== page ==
Fear and Loathing in Las Vegas: A Savage Journey to the Heart of the American Dream

by Hunter S. Thompson

Other authorsRalph Steadman (Illustrator)
Paperback, 1998

Call number

306 THO



Vintage (1998), Edition: 2nd, 204 pages


Records the experiences of a free-lance writer who embarked on a zany journey into the drug culture.

User reviews

LibraryThing member absurdeist
I should be absolutely 100% appalled by this book. I should be outraged! I should be steamed! Fear & Loathing's wanton, unapologetic depictions of controlled substance binges and boozy ennui masquerading as "Gonzo" journalism should be an affront to my moral sensibilities. Is getting pulled over
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for a DUI off I-15 in Baker, CA, and convincing the CA Highway Patrol to let you off with a warning based on the stipulation that you pull into the rest stop up ahead and sleep it off any laughing matter? Yes (I mean no; no!) it isnt! So why am I in tears? There's nothing funny about drunk driving -- unless, that is, Hunter S. Thompson's the one sitting sauced behind the wheel.

Am I bad person for impersonating a hyena (explosions of spittle spewing over my paperback copy of Fear & Loathing I addictively consumed in one sitting) when Hunter attends the anti-drug conference in Vegas and shows up in his sleep deprived, rowdy rancourous self and interacts with police officers, engaging the more gullible cops with ludicrous conversations about drugs & drug enforcement, while completely stoned on dope; out of his freaking mind on a cocktail of drugs ranging from shrooms to blow to mescaline and who knows what all else? He mocks the anti-drug movement merely by appearing at the conference. Can't the cops, experts in drug detection & prevention, tell there's a raving drug abuser in their midst? And as bad of a bad boy Hunter S. Thompson behaves, what about his lawyer instigating the entire sordid mess, and encouraging Hunter's highs in the first place? How did Hunter get away with so much irresponsible behavior and, rather than scold him for it, make us readers want to mimic his depraved attorney and belch out, "Party on Hunter! Go for it! Gonzo gonzo all the way!"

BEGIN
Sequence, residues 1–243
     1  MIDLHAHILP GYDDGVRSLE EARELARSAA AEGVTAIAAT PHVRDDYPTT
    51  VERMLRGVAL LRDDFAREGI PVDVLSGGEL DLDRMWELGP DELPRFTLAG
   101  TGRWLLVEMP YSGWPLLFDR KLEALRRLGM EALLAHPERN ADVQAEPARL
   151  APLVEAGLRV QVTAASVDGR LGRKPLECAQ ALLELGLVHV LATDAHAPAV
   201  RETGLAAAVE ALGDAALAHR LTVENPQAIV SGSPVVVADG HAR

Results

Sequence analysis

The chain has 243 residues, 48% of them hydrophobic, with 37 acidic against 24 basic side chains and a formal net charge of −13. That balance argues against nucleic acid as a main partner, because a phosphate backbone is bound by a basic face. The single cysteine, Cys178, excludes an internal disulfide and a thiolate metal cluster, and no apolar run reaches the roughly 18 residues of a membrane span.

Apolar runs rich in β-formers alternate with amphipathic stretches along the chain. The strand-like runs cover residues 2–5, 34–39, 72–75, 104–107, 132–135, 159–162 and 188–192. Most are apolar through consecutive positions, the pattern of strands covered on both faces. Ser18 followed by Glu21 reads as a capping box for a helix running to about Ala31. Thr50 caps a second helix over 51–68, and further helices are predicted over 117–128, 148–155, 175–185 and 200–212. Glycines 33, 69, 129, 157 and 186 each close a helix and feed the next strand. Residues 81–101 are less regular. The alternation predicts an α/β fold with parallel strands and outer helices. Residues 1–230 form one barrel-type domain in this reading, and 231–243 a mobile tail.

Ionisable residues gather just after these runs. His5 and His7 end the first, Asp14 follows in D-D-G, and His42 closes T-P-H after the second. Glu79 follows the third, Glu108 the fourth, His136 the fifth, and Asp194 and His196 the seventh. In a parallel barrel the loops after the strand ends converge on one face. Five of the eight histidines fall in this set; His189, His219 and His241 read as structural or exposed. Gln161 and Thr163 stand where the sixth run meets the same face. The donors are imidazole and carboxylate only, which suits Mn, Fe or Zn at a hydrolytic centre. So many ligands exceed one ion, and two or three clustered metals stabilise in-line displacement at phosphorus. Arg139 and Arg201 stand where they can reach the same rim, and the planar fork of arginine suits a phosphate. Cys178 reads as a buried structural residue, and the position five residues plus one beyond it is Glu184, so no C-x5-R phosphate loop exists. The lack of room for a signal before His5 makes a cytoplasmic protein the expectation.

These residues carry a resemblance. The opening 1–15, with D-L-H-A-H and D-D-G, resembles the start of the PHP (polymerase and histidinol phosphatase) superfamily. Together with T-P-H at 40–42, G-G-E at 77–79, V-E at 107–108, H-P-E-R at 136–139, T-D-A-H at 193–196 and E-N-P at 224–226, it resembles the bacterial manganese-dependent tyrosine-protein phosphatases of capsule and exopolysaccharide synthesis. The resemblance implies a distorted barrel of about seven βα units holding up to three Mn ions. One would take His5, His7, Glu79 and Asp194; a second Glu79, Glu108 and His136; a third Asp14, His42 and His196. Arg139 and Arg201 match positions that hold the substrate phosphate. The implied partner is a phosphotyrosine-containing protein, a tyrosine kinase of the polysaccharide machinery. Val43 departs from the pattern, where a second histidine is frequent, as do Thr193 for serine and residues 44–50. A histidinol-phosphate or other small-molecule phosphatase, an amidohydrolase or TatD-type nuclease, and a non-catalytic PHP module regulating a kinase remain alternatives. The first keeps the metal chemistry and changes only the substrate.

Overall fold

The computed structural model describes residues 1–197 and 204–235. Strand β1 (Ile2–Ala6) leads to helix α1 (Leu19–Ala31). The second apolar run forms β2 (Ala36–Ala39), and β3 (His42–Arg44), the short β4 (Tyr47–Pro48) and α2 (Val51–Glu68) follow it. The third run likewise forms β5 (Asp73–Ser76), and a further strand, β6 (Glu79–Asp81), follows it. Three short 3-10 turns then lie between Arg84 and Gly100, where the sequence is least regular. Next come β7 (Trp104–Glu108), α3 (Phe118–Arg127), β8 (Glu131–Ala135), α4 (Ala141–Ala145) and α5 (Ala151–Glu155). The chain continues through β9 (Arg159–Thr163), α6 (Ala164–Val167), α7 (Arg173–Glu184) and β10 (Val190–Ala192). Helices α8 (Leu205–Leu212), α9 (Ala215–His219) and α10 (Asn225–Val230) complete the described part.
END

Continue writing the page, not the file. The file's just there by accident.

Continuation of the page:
How can such a good book like Fear & Loathing in Las Vegas be so bad? I feel guilty for loving & adoring it so much. I think I should be arrested for giving it 5 stars. I cannot and will not recommend it (my morality trumps Hunter in the end), though I think you'd be a fool not to read it.
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LibraryThing member andreablythe
Duke, a doctor of journalism, and his attorney Dr. Gonzo journey to Vegas in search of the American Dream, though they are there on the pretense of covering a dirt bike race. Their manic search involves a drug soaked frenzy (I swear they do every drug on the market), along with all the inherent
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madness and muttering and bizarre hallucinations.

I don't know that there's much of a plot here, just a slender thread of cause and effect that leads to ever more freaky and strange events, most of which involve terrifying tourists and the local population. They only manage to save themselves by spinning wild and highly fictionalized tales of epic proportions.

Sometimes when reading books filled with unsympathetic, drug addled, and amoral characters, I find myself going cold, left with only a sense of being disturbed. However, this book was delightfully depraved, and perhaps this was possible due to the undercurrent of humor that kept things light and fun. Also, Duke and Dr. Gonzo's manic chaotic rambling has a strange kind of hopeful edge that makes you want them to lock onto something, learn something, maybe even find the American Dream they're looking for. (There's also the autobiographical aspects – and I have no idea how much is true and how much is fictionalization – which leaves me stunned, because I can't believe anyone could do these things or even half of this amount of drugs and live.) On the whole, thoroughly enjoyable.
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LibraryThing member edgeworth
I really loved this, which I wasn't expecting too. I haven't seen the movie, and all I knew about the book was that it was a semi-autobiography detailing the drug-addled adventures of an acid-soaked writer during one week in Vegas. I was dubious as to how entertaining that might be. I needn't have
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I'm not sure how closely the story correlates to real life, but essentially, Thompson (as his alter ego Raoul Duke) is sent to Las Vegas to cover a racing tournament, and brings along his gigantic Samoan attorney who is as much of an irredeemable basehead as he is. The duo spend a week roaring around Vegas in a red convertible, the trunk containing enough drugs to "kill an entire platoon of United States Marines," and essentially bare their asses at every law they find. They trash hotel rooms, terrify hitchhikers, and infiltrate a police convention on drug crimes, all while speeding off their heads and hallucinating about "huge pterodactyls lumbering around the corridors in pools of fresh blood" or "two women fucking a polar bear." The sense of an alternately fascinating and horrifying seven day drug trip is perfectly supplemented by Ralph Steadman's grotesque, blotchy illustrations, scattered throughout the book (my only complaint is that the scenes they depict usually occurred about twelve pages ago).